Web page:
The schools have not had a major impact on recnt growth. In fact only recently has it become a major issue mostly due to the fact that people have bought apartments and had children and can’t afford to send them to private school on top of getting hit w/ a 47% tax increase. This was not a deciding factor for many who moved to Hoboken in the past decade or so and I would suggest that if our tax bills didn’t increase there would be only a minority who even cared enough to try to change the school board.

  2. Laki

    All of you discussing Hoboken specifics when it comes to the future prices are arguing about second order effects. Sure they matter on a margin, but the overall real estate trend in the New York metro area matters A LOT more. Hoboken does not exist in a vacuum. What if Manhattan real estate drops to $500 per square foot? (This is where the prices were in early 2000s). This is a first order effect. If you think in this scenario Hoboken prices decouple and stay strong – then you must live in a different universe than me.

  3. Andy

    Laki, if manhattan real estate drops to 500$ / sq ft then you’ll see major economic pain unfold. NYC was bought and bid up by anyone and everyone including those overseas. Will prices come down there sure due to oversupply but eventually you will find a bottom. To throw a figure out there which btw is half of what the going sq ft rate for much of manhattan is absurd. Are you all hoping for some doomsday scenario because you want to swoop in like vultures picking a carcass? Be realistic. I’ll entertain 20% maybe even 30%. If it ever hits 50% I’ll eat my hat 😉

  4. SJ


    What on earth makes you think that Manhattan real estate prices are going to drop to $500 per square foot??

    And if that ever happened I don’t think anyone here would argue that that wouldn’t affect Hoboken prices!!

  5. Tiger

    Let me know when Manhattan prices drop to $500 per sq ft, I’ll be very interested in buying a second condo.

  6. bz

    Laki, our posts were to homeboken’s comments about if Hoboken’s changes in the past years justifys the past RE bomming.

  7. patk14

    I’ve been here over 10 years now and there have been improvements. I live on Garden Street so haven’t seen the massive developments on the western side of town. Those areas (so I’m told) have been greatly improved over the last decade. The development of the northeast sector was under way back then and has brought higher income people to town. Pier A has been a nice development. Not much has changed at all along Washington Street during this time, not too many new restaurants or shops that would fuel real estate prices. Same bars/restaurants by the PATH (Texas AZ has been there for something like 20 years). It was a safe town 10 years ago, less so 20 years ago. Plenty of police and little violent crime.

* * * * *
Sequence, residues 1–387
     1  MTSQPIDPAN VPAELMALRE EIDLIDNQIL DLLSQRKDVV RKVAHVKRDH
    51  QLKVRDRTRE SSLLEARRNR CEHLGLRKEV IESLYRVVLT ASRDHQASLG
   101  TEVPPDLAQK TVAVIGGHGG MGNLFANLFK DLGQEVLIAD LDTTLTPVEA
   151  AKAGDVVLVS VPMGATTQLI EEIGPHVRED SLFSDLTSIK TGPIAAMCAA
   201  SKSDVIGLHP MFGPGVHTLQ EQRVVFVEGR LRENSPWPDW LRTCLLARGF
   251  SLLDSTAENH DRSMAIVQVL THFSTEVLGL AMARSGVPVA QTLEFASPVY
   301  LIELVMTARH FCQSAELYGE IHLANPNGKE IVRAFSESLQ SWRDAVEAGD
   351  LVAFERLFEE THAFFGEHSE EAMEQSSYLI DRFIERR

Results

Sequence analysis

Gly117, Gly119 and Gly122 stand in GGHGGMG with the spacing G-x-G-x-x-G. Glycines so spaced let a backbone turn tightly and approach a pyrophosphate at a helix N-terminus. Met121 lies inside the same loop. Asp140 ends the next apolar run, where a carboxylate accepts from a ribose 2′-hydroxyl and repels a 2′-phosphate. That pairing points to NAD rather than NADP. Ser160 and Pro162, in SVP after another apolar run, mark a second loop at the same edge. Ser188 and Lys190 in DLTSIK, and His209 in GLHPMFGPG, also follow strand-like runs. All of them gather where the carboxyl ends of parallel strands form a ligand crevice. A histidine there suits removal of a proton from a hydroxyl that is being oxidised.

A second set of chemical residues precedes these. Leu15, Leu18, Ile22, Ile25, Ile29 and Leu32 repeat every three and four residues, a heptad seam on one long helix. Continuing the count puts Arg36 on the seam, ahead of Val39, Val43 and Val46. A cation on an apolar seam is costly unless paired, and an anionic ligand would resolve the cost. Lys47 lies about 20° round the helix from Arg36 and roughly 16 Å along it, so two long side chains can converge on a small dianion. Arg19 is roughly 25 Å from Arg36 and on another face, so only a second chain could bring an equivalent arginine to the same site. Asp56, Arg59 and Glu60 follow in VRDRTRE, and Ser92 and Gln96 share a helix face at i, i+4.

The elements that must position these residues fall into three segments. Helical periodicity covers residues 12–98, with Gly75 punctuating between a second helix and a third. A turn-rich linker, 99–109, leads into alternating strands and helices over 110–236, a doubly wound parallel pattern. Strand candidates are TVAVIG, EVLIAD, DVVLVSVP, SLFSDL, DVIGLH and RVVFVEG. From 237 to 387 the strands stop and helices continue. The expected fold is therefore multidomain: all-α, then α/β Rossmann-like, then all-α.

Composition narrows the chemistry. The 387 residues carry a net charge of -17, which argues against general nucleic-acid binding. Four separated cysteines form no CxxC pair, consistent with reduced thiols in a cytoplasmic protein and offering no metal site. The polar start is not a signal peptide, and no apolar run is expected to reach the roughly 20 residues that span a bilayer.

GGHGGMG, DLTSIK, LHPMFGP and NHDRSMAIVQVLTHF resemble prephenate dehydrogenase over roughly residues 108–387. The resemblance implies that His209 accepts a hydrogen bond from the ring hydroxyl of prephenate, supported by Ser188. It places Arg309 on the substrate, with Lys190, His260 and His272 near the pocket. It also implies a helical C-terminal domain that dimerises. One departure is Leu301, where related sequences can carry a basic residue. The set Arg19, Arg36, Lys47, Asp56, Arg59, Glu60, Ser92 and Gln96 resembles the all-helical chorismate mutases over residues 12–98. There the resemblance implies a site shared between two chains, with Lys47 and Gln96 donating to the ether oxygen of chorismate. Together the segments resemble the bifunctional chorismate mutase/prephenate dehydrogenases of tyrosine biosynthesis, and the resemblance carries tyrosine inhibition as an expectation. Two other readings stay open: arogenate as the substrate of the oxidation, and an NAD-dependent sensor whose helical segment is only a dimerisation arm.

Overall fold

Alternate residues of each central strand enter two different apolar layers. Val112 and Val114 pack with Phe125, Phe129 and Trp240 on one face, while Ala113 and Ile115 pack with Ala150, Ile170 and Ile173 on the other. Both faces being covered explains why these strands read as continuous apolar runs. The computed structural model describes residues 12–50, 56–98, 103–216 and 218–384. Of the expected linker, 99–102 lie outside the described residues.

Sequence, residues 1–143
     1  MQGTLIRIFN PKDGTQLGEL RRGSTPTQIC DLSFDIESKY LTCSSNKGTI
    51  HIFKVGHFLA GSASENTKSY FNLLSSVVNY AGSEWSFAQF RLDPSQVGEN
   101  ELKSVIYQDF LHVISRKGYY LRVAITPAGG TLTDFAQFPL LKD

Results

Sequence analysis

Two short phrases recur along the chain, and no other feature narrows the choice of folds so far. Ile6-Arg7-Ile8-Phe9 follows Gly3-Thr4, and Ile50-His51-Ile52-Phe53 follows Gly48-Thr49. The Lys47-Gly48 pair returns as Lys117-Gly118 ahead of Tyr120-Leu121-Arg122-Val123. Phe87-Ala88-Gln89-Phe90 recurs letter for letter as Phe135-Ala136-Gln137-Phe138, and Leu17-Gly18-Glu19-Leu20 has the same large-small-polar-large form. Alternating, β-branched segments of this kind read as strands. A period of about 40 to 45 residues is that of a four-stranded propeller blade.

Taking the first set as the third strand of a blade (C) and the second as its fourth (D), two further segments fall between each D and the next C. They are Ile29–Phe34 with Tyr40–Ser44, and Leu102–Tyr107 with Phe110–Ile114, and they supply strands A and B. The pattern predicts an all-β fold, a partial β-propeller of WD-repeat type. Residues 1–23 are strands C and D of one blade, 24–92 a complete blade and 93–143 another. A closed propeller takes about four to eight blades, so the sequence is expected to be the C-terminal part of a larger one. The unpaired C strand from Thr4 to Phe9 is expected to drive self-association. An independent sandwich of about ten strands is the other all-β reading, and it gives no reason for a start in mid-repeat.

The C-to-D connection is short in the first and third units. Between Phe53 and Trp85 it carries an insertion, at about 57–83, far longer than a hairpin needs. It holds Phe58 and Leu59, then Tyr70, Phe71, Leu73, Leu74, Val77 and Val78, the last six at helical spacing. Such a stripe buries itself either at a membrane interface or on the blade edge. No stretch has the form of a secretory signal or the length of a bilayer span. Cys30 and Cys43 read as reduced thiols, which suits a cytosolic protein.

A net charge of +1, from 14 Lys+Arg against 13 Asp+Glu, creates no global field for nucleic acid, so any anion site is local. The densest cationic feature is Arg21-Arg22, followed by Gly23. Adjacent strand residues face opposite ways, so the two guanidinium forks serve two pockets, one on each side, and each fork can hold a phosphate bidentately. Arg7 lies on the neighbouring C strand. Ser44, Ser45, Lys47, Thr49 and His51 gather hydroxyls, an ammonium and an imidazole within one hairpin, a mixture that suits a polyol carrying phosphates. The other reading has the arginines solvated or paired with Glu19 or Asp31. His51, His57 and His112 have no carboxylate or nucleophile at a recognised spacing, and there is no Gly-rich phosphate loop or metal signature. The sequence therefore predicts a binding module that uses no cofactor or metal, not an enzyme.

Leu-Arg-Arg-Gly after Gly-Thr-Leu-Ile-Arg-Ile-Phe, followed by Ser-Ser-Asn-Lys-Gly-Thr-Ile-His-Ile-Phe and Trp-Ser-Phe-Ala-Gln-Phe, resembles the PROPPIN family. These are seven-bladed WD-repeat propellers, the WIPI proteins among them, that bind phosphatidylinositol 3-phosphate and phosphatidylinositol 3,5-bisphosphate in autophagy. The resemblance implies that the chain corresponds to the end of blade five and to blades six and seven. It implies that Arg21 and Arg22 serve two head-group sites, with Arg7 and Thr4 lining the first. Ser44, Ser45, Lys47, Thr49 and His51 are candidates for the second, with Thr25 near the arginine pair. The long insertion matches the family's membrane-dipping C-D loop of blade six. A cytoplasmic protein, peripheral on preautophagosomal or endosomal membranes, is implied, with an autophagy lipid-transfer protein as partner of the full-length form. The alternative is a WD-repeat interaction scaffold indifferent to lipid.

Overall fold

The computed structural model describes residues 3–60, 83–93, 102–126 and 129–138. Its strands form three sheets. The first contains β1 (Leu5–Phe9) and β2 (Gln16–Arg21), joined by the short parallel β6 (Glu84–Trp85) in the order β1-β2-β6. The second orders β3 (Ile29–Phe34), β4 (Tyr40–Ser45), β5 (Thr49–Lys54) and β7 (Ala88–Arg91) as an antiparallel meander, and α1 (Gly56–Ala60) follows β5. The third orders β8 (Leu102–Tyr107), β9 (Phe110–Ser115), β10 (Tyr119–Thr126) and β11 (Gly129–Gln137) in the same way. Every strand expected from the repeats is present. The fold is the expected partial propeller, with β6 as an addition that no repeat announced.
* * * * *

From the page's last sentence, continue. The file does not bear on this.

Compared to what existed west of Willow, prices in those sections have been upgraded majorly and easy credit (Hoboken didn’t require the level of down payment that Manhattan did) drove prices up rapidly. Easy credit is gone, people flipping are gone, prices are steadily declining, so we’ll likely see continued downward price movement. The town fiscal situation and rising taxes were not expected and have had a negative impact on prices. Paying $1,000/month in taxes reduces affordability.

  8. Andy

    Patk14, if you’re paying 1k a month in taxes you must enjoy the mansion on castle point you’re living in. Otherwise you are really getting screwed and should appeal your bill. But I agree with you the tax situation does nothing to help our situation. NJ already has the highest property taxes Hoboken raising them doesn’t help.

    Hobojoe, I’ve been clammoring that on this site for days now. If you lost your job I’m sorry for you but the rest of us who are still employed are not poor and not broke and not selling unless we absolutely have to. Ridding the town of developers overstocked cookie cutter condos is exactly what this town needs. If it happens below market values so it expidites things than I’m all for it. Supply and Demand dictate price. We’re sliding down the supply curve as we work off inventory. Once that is done and if we stop people from over developing and turning the town into highrises then we’ll see eventual price increase due to limited space constraints.